Establishes the L’Actuelle gallery, with Fernande Saint-Martin, a cultural experiment devoted exclusively to non-representational art.
Autumn: watercolours by Borduas shown at L’Actuelle.
Participates in the organization of Peinture canadienne at the École des hautes études commerciales business school, a Canada-wide exhibition set up by the students.
Takes part in the establishment of the Non-Figurative Artists Association of Montreal, whose sole purpose was to organize exhibitions for its members. The first annual show of the NFAAM was held in the great hall of the Hélène de Champlain restaurant, managed by the City of Montreal Parks Department.
Creates his first Duco black and white paintings, which were shown at L’Actuelle in the Spring.
September: exhibition of American paintings at L’Actuelle, in exchange for an exhibition of nine L’Actuelle painters, entitled “Modern Canadian Painters”, at the Parma Gallery in New York City.
Takes part in the “Contemporary Canadian Painters” traveling exhibition in Australia, organized by the National Gallery of Canada.
Participates in the Second Annual Exhibition of the NFAAM at the MMFA.
Shares a two-person show with Claude Tousignant at L’Actuelle.
May: L’Actuelle closes. The Denyse Delrue Gallery takes over in September.
Exhibits his Calligraphies at the Artek Gallery in Montreal.
Takes part in the 75th Spring Show at the MMFA.
Participant in the exhibition entitled Art Abstrait at the École des beaux-arts with the most dynamic members of the NFAAM, namely Belzile, Goguen, Juneau, Leduc, Molinari, Toupin and Tousignant. Introductory text by Fernande Saint-Martin in the catalogue, considered as a sort of manifesto of a new approach to non-objective art, a definite break with the art of the automatistes.
Becomes involved in the launch of the magazine Situations.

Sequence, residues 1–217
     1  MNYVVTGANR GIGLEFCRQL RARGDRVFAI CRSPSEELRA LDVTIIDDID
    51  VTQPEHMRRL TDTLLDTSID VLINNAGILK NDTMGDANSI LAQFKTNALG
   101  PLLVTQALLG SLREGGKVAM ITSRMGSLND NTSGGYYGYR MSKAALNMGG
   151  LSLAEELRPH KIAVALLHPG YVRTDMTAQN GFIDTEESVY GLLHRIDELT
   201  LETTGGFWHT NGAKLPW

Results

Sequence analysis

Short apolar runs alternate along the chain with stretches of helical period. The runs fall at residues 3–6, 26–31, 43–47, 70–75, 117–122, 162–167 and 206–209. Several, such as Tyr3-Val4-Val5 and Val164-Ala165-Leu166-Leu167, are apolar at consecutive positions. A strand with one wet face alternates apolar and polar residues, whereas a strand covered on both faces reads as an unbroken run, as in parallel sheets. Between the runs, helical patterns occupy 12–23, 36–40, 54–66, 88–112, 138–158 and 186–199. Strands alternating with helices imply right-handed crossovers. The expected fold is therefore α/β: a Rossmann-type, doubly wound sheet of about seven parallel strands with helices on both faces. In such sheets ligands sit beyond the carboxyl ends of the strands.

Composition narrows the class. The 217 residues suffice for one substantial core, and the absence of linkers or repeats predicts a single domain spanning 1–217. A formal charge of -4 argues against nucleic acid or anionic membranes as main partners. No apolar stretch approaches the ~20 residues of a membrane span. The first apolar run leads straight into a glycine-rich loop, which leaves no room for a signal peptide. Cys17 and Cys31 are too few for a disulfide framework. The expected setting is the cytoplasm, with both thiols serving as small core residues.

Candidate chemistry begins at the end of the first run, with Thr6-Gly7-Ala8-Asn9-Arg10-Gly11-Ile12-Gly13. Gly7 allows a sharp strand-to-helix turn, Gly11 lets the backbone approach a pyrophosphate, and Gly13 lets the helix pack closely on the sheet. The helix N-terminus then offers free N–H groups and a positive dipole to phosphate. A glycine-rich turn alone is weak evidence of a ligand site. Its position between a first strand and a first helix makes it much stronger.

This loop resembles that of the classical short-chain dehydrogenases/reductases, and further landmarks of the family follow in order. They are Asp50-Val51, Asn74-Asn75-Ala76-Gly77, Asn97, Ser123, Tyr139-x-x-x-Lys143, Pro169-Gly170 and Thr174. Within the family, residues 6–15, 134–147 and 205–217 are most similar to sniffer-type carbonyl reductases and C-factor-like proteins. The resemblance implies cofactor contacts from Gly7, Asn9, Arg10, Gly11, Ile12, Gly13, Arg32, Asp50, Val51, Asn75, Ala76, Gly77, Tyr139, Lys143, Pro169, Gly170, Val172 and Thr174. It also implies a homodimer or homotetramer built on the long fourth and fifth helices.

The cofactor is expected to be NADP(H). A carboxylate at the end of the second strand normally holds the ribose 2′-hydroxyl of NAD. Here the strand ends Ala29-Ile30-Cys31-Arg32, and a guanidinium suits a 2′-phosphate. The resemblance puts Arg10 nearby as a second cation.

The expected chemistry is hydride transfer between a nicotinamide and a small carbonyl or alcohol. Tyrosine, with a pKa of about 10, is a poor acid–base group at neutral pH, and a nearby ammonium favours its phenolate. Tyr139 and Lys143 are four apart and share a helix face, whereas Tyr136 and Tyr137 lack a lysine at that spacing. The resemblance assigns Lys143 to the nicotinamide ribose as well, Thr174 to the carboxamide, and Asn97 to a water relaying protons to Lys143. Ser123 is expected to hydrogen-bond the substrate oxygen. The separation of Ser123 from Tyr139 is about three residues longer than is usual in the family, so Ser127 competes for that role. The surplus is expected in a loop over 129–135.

Participates in Aspects of Canadian Painting: 26 Painters under 25, at Canada House in New York City.
Takes part in Third Biennial Exhibition of Canadian Art at the National Gallery of Canada. Also present in the 1961, 1963, 1965 and 1968 versions, all of which are traveling exhibitions.
Wins the Jessie Dow Prize at the MMFA.
Takes part in the Deuxième Biennale de Paris at the Musée d’art moderne de la Ville de Paris.
A participant in the Concours artistiques du Québec 1961 at the Quebec Provincial Museum.
Exhibits with Claude Tousignant in Gallery XII at the MMFA.
His article Réflexions sur l’automatisme et le plasticisme published in the March-April number of Situations magazine.
Awarded the First Prize for Painting at the 79th Spring Show at the MMFA.
With Jean Goguen, Denis Juneau and Luigi Perciballi, part of the “Geometric Abstraction in Canada» exhibition at the Camino Gallery in New York City. Ad Reinhardt, Barnett Newman and Frank Stella attend the opening.
First foreign solo exhibition at the East Hampton Gallery, New York City. Entitled “Molinari. Paintings. First New York Showing”, one of some ten shows in which Molinari showed his work at this gallery run by former art critic Bruno Palmer-Poroner.
Well-known collector Walter P. Chrysler acquires Oppositions, a major painting from 1961 which is soon added to the collection of the Chrysler Art Museum in Provincetown.
Participates in the exhibition La Peinture Canadienne Moderne: 25 années de Peinture au Canada-français, part of the fifth Festival dei due Mondi in Spoleto, Italy.
Solo exhibition at the Galerie Nova et Vetera at the Collège de Saint-Laurent.
The Museum of Modern Art in New York City acquires Asymétrique jaune, a 1959 painting selected by Alfred H. Barr and Dorothy Miller.
Teaches painting and drawing at the School of the Montreal Museum of Fine Arts, until 1965.